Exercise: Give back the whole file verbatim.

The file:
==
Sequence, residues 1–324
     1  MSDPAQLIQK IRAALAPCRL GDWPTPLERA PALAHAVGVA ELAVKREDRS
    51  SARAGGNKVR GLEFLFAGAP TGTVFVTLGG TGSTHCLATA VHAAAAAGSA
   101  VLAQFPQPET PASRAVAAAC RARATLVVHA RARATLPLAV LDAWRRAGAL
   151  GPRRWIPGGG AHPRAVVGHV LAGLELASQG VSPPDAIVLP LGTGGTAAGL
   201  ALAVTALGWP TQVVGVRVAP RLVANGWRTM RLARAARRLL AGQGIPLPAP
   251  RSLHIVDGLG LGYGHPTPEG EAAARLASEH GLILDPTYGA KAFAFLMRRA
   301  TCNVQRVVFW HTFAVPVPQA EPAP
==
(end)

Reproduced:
Sequence, residues 1–324
     1  MSDPAQLIQK IRAALAPCRL GDWPTPLERA PALAHAVGVA ELAVKREDRS
    51  SARAGGNKVR GLEFLFAGAP TGTVFVTLGG TGSTHCLATA VHAAAAAGSA
   101  VLAQFPQPET PASRAVAAAC RARATLVVHA RARATLPLAV LDAWRRAGAL
   151  GPRRWIPGGG AHPRAVVGHV LAGLELASQG VSPPDAIVLP LGTGGTAAGL
   201  ALAVTALGWP TQVVGVRVAP RLVANGWRTM RLARAARRLL AGQGIPLPAP
   251  RSLHIVDGLG LGYGHPTPEG EAAARLASEH GLILDPTYGA KAFAFLMRRA
   301  TCNVQRVVFW HTFAVPVPQA EPAP